The New York Times recently published findings from its Haiti ‘ransom’ project, about the Caribbean island’s indemnity to France from the early 19th to the mid 20th centuries, and which crippled the country’s economy. Haiti is currently the poorest nation in the Americas, but the French government has refused to acknowledge its historic role in Haiti’s impoverishment. Why did this newly independent country pay reparations to its former colonial masters, putting Haiti into a long debt spiral?
As noted in the Oct. 23, 2021 issue of Early Modern Times, slaves in the colony of Saint Domingue revolted against French planters in 1791, led by Toussaint l’Ouverture. By 1793, after an unsuccessful French attempt at invasion (pictured above), Haiti as it was now called was a Black-governed French protectorate. Although Napoleon sought to suppress the Haitian revolution in 1802, an Act of Independence was signed in 1804 by President Alexandre Pétion. Pétion, however, was embroiled in bitter conflict with his rival Henry Christophe. While Pétion had control of the south and sought cordial relations with France, Christophe governed over the north and was more hostile to their former overlords. The relationship between Pétion and Christophe was not one of love but Haiti.
Haiti would only be united under the leadership of General Jean-Pierre Boyer in 1818. Boyer, as Liliana Obregón points out in a 2018 article, sought French recognition of an independent and sovereign Haiti, with disastrous consequences. French plantation and slave owners were demanding that the restored Bourbon monarchy seize the former colony. At the end of the Napoleonic wars, they pressured the French crown to extend the slave trade and assert its right of reconquest. These plantation owners thus swayed the monarchy to light a Bour-bonfire under this rebellious colony.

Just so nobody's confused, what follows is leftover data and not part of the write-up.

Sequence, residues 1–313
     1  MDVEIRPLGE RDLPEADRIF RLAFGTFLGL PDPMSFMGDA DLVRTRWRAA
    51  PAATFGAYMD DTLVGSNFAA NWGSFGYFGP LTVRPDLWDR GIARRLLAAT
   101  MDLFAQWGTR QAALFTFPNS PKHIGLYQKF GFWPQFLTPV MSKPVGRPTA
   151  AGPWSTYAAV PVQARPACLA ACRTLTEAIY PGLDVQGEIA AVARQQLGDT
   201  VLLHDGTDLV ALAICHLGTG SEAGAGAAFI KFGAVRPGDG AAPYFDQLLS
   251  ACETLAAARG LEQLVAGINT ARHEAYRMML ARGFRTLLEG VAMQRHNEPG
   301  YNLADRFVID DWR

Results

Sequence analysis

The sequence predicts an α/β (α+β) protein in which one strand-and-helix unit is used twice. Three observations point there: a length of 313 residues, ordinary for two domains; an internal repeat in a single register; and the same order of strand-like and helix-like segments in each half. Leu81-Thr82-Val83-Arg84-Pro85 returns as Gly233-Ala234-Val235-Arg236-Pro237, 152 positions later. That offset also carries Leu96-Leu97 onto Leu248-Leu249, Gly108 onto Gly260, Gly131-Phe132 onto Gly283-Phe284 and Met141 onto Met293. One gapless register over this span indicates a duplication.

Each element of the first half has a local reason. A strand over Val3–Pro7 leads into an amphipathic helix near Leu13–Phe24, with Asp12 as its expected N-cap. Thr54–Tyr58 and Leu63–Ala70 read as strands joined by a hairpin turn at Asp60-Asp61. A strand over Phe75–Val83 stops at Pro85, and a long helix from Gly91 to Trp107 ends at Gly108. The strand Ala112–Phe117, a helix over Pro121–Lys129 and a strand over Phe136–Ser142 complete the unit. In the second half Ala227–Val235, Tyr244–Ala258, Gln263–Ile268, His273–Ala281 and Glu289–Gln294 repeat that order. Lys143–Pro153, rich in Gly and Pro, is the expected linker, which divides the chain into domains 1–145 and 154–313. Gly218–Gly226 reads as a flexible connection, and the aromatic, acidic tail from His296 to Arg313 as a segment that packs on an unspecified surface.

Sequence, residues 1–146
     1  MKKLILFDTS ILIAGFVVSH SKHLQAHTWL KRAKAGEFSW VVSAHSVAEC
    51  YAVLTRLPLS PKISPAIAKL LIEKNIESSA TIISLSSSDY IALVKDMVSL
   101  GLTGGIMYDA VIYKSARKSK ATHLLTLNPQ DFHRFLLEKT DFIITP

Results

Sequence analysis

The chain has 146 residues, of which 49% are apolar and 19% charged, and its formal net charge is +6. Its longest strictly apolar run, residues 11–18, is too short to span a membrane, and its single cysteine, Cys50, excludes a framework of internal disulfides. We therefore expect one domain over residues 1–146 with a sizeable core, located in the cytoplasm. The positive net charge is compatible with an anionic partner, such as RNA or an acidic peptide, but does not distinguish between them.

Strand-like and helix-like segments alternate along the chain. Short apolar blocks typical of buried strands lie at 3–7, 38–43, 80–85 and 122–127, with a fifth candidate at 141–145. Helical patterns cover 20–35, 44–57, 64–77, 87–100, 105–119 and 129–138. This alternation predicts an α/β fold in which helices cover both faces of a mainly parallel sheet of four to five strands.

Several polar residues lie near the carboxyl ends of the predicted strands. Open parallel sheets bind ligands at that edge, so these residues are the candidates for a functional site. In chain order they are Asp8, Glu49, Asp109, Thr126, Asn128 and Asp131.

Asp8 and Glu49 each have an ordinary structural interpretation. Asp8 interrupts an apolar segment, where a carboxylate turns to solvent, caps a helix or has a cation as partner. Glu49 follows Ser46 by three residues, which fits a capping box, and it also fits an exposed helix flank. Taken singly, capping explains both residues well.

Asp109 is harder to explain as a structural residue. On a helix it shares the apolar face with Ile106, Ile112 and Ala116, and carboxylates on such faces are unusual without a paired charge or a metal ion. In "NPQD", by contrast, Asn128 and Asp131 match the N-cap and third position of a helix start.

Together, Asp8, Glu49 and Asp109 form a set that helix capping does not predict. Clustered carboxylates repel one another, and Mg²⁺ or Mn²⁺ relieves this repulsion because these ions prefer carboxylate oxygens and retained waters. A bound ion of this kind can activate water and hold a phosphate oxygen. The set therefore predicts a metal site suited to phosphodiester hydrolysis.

By 1820, Haiti was a united, independent republic. The French accordingly shifted their strategy: if they couldn’t reconquer Saint Domingue, they would turn Haiti into a ‘commercial colony’. In 1825, the French crown sent a fleet of gunboats to the harbour of Port-au-Prince. The French would allow the independence of Haiti only in exchange for reparations to plantations owners at the sum of 150 million francs. The Haitians felt French-fried.
The Haitian government was unable to pay the full sum, and had to borrow from French banks. Haiti thus had a double indemnity: gradual payments to the French government and to the banks at the same time. The government defaulted twice on its payments, and was forced to impose oppressive taxes on its own people to pay the French. The French banks grew extremely wealthy out of this deal, and these ‘ransom payments’ financed, among other things, the costly construction of the Eiffel Tower–while Haiti sank into Towering debt. Over time, Haiti’s government had to take out loans from other European and American banks, leading to a century of repayments which pauperised the Haitian economy in addition to financial mismanagement and corruption at home. Haiti was dying a slow debt, caught in a debt trap with a century-long debt-march under a looming debt-penalty.
Till next time,
Early Modern dance of debt Studies Program